Get our newsletter delivered directly to your inbox
I have already subscribed | Do not show this message again
Your email has been successfully registered.
In the views of Russian Deputy Foreign Minister Alexander Grushko, the West anti-Russian rhetoric is likely to increase after the U.S./NATO collapse in Afghanistan.
NATO has destroyed all possible formats of cooperation with Russia, including on Afghanistan, and will most likely only increase its anti-Russian rhetoric after the Afghan disaster, Russian Deputy Foreign Minister Alexander Grushko said Sunday.
"Yes, the alliance has destroyed all formats of cooperation, including on Afghanistan. The price for this geopolitical game, which has nothing to do with security interests, ultimately had to be paid by the Afghans," Grushko said in an interview with the Kommersant newspaper.
The end of NATO's decade-long mission in Afghanistan may lead to further warmongering and revival of the "Russian threat" rhetoric since "searching for the evidence of its own relevance" has always been part of the bloc's history, the diplomat noted. As examples of such behavior, Grushko named operations in former Yugoslavia, as well as in Afghanistan and Libya.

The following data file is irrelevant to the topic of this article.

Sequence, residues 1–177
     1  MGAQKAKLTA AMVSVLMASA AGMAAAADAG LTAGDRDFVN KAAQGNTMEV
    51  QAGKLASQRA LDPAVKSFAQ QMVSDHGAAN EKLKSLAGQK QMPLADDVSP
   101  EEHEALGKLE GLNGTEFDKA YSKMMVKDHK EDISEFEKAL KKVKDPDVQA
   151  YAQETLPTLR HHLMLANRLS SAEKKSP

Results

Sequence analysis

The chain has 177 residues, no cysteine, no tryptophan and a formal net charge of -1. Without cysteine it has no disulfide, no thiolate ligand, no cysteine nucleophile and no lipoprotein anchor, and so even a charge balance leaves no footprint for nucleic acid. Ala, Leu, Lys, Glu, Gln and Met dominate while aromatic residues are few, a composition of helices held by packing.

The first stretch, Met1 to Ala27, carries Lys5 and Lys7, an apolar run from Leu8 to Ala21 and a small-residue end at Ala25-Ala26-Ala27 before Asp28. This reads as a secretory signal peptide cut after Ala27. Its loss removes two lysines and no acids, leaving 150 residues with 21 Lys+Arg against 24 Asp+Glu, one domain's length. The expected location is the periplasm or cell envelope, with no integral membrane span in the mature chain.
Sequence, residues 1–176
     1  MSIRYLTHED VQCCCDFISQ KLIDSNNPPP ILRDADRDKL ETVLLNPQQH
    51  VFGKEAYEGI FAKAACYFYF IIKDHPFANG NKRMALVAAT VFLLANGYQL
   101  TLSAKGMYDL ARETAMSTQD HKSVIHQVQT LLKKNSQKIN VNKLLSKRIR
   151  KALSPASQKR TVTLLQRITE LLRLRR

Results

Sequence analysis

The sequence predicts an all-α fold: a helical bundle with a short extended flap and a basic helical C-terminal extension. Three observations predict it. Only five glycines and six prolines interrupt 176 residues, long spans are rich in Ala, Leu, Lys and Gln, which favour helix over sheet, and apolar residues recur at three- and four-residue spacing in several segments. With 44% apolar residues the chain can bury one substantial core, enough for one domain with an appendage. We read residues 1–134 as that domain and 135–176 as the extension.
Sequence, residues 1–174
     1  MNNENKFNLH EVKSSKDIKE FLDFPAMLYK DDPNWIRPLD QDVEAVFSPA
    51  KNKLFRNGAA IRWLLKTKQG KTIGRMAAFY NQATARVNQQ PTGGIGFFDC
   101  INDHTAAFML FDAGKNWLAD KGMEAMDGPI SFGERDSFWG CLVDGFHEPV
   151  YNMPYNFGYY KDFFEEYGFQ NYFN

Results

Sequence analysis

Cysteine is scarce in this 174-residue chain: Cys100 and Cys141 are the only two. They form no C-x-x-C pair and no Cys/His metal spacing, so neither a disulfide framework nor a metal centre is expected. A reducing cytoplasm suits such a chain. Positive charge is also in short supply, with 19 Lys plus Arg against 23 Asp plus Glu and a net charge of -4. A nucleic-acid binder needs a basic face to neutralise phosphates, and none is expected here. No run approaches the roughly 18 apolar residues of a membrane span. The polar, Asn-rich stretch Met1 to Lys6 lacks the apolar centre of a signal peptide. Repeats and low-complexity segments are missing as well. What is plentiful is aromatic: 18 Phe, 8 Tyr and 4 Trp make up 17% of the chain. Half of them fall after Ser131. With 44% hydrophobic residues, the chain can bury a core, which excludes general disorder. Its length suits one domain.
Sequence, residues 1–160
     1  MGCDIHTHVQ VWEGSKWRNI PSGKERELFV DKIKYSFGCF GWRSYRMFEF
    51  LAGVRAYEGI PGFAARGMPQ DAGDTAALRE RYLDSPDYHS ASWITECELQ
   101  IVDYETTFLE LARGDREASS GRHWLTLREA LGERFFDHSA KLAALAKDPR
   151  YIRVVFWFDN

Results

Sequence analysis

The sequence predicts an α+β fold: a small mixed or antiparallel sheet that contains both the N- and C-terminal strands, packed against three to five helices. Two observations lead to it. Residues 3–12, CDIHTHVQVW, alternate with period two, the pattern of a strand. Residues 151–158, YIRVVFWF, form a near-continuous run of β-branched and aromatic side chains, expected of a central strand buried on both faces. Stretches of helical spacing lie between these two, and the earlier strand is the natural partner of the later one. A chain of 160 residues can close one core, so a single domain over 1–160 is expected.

"In the light of the catastrophic consequences of these operations, the bloc was faced with another existential crisis, which is customarily solved by returning to the origins. So, the concept of the "threat from the East" saw the light of day again. Ukrainian coup and following events, which had no relation to the core interests of the alliance, were used as an ideological justification for returning to the original purpose of 1949. In this regard, the end of the Afghan story, the era of large-scale operations, may soon lead to the re-emergence of the "Russian threat" rhetoric," the diplomat explained.
On August 15, the Taliban entered Kabul, prompting the U.S.-supported civilian government to collapse amid the withdrawal of foreign troops from Afghanistan. Ashraf Ghani resigned as president and fled the country to prevent what he described as bloodshed that would occur if militants stormed the city.